In terms of their financial performance, there are some similarities as well. Both companies are generally profitable. While FedEx struggled a little bit during the recession in 2009, the company has generally been earning over $1 billion per year otherwise, with revenues between $35-45 billion. As a result of this consistent profitability, FedEx has a healthy balance sheet. UPS has a similarly good financial position. While it is larger, earning $45-55 billion in revenue per year, it is also fairly profitable. If anything, profits at UPS are both stronger and more volatile than those at FedEx. That it is more profitable is not surprising -- they have roughly the same infrastructure, so same infrastructure costs, but UPS earns more revenue.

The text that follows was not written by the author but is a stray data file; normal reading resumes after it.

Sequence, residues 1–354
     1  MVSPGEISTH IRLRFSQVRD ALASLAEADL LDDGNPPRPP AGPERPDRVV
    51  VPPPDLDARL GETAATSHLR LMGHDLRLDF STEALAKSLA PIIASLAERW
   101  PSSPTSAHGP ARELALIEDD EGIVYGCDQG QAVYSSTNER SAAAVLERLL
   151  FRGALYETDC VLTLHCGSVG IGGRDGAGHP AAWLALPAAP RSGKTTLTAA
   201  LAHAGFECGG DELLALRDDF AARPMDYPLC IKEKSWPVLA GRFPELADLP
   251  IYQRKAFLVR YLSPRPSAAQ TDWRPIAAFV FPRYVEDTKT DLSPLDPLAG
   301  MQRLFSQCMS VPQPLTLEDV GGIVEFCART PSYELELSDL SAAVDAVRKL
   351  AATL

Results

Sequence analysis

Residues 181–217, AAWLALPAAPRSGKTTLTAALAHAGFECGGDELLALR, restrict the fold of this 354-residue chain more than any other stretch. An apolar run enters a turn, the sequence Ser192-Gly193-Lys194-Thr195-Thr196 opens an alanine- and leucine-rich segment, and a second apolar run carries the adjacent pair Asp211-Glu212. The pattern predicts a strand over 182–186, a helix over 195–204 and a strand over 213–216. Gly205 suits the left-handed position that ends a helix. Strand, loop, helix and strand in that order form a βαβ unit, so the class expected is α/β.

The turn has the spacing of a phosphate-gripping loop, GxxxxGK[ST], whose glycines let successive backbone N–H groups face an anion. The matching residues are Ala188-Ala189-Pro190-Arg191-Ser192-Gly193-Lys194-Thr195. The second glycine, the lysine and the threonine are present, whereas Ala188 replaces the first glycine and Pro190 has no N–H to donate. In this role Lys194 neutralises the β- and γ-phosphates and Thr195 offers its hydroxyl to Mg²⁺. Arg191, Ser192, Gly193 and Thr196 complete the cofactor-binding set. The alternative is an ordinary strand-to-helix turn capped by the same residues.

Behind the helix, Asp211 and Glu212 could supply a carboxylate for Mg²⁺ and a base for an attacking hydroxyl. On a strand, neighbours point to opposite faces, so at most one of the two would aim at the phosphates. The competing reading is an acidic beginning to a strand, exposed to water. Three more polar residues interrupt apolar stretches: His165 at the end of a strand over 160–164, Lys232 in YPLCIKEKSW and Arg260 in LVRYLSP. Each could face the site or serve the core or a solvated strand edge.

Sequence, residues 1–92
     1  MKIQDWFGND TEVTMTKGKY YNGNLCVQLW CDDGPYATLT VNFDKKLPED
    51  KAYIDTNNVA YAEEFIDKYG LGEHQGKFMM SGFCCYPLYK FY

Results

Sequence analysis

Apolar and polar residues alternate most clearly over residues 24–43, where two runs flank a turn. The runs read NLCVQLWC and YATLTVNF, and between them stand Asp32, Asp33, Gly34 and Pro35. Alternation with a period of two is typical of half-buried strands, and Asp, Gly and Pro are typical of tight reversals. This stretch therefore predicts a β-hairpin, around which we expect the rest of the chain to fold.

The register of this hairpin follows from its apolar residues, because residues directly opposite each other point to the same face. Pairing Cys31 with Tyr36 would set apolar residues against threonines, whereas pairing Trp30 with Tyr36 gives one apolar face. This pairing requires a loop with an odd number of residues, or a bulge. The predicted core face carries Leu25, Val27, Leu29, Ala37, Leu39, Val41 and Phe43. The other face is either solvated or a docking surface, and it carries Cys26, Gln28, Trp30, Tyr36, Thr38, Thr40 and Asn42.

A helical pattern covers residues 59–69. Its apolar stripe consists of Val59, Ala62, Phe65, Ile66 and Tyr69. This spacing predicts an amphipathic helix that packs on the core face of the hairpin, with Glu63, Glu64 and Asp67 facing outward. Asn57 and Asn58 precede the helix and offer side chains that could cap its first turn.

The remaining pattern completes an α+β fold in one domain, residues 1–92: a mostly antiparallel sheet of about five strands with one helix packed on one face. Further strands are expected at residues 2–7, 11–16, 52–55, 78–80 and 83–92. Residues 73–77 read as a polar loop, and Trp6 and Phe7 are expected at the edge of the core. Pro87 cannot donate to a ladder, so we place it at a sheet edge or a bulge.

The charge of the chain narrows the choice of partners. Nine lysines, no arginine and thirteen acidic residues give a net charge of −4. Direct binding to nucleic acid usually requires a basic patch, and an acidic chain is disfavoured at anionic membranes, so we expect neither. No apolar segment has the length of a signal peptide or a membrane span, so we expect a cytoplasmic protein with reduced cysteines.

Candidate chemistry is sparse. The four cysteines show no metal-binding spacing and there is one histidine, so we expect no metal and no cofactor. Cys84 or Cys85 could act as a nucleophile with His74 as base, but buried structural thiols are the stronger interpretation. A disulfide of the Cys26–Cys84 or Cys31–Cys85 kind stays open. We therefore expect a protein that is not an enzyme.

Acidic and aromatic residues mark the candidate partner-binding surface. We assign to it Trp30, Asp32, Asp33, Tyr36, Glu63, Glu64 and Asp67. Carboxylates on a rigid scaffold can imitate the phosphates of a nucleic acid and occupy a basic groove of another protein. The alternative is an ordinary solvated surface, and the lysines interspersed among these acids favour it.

An interesting tidbit is that both companies have been major beneficiaries of the Internet. While on the surface some experts thought that email in particular would wipe out the need for overnight shipping, the Internet has opened up new possibilities. Both companies have built entire hubs in Asia to handle the shipment of superconductors and other computer parts from Asia to North America. E-commerce has been a big winner for these companies as well. FedEx makes a lot of money shipping Apple products from China around the world, while UPS has Amazon as what is probably its biggest account. Both companies benefit from eBay and other electronic commerce as well. Thus, the Internet has been a source of opportunity for both, rather than a threat.